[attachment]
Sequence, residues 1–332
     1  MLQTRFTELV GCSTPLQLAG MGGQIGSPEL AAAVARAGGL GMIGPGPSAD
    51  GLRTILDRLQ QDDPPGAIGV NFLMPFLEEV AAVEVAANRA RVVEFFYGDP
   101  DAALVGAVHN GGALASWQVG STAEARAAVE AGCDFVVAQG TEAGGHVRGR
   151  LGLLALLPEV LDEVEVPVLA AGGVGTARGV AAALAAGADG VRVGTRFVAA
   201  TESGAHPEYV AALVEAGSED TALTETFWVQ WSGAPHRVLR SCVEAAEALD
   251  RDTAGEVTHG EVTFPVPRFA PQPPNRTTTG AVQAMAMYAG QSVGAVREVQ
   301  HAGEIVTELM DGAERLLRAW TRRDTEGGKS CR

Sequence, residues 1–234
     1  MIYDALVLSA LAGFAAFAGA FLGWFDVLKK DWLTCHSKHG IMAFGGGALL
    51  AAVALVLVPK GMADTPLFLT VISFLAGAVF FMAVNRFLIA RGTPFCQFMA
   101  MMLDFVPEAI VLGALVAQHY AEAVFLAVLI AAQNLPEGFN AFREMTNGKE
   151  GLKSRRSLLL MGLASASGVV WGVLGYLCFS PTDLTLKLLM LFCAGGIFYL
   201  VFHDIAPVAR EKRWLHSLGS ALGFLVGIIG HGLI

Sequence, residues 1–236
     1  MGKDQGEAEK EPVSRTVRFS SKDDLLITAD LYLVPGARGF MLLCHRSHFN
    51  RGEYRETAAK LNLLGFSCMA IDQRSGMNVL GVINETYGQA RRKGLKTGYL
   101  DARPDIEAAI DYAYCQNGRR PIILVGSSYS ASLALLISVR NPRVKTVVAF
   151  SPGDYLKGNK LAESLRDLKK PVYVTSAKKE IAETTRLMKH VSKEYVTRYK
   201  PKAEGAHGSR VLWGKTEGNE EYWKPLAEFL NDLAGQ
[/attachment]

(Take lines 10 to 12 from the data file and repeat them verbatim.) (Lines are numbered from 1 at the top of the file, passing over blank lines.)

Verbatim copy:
     1  MIYDALVLSA LAGFAAFAGA FLGWFDVLKK DWLTCHSKHG IMAFGGGALL
    51  AAVALVLVPK GMADTPLFLT VISFLAGAVF FMAVNRFLIA RGTPFCQFMA
   101  MMLDFVPEAI VLGALVAQHY AEAVFLAVLI AAQNLPEGFN AFREMTNGKE